When Music Meets Painting - 5.0 out of 5 based on 1 vote

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Music has the power to create moods like no other art form, and painting has been influenced by that power throughout its history. The 19th century produced one of the best-known examples of this influence in Whistler’s series of “nocturne” paintings.

James Abbott McNeill Whistler, Nocturne: Blue and Silver, 1872, Harvard Fogg Museum

In 19th-century music, a nocturne is a short, intimate piece that evokes the dreamy atmosphere of the night.

When the British art collector Frederick Leyland saw Whistler’s paintings entitled “moonlights,” he immediately thought of Chopin’s music and called Whistler’s paintings “nocturnes.”

Whistler loved the idea and changed the titles of his “moonlight” paintings to “nocturnes.” He then painted new ones, evoking the dreamy mood of a walk by the river Thames and other places in the moonlight.

James Abbott McNeill Whistler, Nocturne: Blue and Silver – Chelsea, 1871, Tate Gallery, London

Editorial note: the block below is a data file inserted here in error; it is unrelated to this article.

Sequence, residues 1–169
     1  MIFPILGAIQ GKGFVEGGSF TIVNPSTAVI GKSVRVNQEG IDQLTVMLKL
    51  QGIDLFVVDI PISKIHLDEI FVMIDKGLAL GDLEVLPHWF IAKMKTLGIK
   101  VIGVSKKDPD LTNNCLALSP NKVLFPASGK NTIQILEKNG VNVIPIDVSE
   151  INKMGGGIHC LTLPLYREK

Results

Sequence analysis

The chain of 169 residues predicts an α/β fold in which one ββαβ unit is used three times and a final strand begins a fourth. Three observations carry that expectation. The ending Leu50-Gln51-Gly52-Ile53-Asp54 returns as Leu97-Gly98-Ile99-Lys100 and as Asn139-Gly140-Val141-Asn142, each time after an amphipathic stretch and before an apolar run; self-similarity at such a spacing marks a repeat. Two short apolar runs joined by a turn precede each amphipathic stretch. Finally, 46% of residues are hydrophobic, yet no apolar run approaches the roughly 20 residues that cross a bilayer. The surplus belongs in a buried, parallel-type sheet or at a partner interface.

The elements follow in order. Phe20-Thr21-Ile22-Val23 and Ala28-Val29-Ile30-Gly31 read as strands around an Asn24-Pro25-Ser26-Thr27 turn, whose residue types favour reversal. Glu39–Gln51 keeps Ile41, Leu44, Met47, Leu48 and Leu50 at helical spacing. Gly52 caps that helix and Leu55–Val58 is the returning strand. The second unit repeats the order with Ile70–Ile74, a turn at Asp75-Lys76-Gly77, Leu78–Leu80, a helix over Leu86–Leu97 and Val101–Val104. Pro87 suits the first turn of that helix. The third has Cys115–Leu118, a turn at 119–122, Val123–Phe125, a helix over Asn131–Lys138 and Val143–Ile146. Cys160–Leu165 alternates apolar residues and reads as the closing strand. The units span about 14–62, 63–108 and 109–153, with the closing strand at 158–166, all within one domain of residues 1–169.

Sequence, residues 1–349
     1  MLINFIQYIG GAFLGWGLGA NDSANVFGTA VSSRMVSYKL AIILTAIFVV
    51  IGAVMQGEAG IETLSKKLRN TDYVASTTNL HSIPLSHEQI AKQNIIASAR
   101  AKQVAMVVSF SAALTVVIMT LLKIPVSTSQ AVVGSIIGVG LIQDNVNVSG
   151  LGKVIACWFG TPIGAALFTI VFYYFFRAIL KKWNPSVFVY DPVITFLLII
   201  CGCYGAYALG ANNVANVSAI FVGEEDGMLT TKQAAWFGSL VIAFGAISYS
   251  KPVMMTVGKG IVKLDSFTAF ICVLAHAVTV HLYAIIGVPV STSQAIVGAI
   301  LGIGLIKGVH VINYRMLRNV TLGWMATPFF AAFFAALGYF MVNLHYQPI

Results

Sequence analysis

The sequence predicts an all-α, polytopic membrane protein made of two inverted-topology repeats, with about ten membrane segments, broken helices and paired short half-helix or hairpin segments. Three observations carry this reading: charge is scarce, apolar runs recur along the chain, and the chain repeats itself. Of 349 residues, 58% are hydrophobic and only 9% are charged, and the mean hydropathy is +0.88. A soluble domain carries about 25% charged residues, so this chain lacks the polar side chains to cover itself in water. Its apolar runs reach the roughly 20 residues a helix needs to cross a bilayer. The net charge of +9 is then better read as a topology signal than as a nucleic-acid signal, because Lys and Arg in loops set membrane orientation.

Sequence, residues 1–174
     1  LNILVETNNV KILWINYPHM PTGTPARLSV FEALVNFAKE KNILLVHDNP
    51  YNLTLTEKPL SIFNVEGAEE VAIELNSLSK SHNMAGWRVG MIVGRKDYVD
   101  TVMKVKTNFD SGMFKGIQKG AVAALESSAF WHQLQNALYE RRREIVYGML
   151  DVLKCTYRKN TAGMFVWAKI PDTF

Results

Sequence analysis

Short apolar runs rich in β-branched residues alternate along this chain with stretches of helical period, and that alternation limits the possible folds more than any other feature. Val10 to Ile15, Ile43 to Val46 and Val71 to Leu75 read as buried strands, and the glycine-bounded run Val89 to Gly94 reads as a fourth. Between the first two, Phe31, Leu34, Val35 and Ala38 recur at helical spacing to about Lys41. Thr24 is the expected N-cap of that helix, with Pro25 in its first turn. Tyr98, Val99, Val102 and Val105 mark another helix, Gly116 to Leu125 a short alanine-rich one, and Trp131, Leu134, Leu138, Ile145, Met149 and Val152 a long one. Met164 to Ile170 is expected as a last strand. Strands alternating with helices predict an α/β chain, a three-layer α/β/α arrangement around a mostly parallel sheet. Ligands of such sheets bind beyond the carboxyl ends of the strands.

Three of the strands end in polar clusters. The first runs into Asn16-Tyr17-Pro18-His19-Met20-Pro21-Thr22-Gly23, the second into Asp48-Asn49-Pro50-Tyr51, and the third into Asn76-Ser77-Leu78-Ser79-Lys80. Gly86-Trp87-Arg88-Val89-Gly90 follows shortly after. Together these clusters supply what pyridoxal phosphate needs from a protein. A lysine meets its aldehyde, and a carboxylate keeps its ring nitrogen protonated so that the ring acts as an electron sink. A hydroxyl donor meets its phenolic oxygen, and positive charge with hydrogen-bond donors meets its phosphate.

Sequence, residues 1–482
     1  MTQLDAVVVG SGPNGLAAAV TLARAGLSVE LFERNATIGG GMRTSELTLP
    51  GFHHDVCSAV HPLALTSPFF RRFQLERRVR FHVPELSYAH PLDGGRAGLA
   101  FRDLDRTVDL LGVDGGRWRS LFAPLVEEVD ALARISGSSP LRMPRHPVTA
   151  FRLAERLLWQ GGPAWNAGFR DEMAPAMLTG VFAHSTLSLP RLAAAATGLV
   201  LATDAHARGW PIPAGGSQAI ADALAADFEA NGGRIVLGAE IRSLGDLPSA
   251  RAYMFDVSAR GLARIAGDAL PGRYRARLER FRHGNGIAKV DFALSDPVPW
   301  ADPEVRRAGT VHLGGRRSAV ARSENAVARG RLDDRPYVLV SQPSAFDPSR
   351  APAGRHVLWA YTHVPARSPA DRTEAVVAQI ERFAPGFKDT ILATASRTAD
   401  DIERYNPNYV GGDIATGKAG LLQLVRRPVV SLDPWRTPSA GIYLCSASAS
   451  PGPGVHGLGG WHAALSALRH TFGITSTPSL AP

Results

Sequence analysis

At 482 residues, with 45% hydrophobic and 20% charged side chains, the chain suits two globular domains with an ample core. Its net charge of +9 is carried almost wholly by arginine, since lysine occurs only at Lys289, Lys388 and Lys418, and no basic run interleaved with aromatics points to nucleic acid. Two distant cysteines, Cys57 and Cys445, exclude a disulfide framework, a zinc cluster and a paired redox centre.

James Abbott McNeill Whistler, Nocturne: Blue and Silver – Cremorne Lights, 1872, Tate Gallery, London

One of the places Whistler often painted is the area near Cremorne Gardens, a fashionable park by the river Thames, famous for light displays and fireworks at night. Whistler especially liked the sparks that softly rained down after the fireworks, and he painted those golden sparks and fireworks in the sky of several of his nocturnes:

James Abbott McNeill Whistler, Nocturne: Blue and Gold – Old Battersea Bridge, c.1872–5, Tate Gallery, London

James Abbott McNeill Whistler, Nocturne: Black and Gold – The Fire Wheel, 1875, Tate Gallery, London

James Abbott McNeill Whistler, Nocturne: Black and Gold – Falling Rocket, c.1875, Detroit Institute of Arts, Detroit

The influence also went the other way, as the French composer Debussy was inspired by Whistler’s paintings to compose Nocturnes, a three-part piece in which the music evokes the movements of clouds at night, the mood of evening parties, and the movements of the sea in the moonlight, which he had seen so poetically suggested in Whistler’s works.

That’s the kind of magic that happens when music meets painting.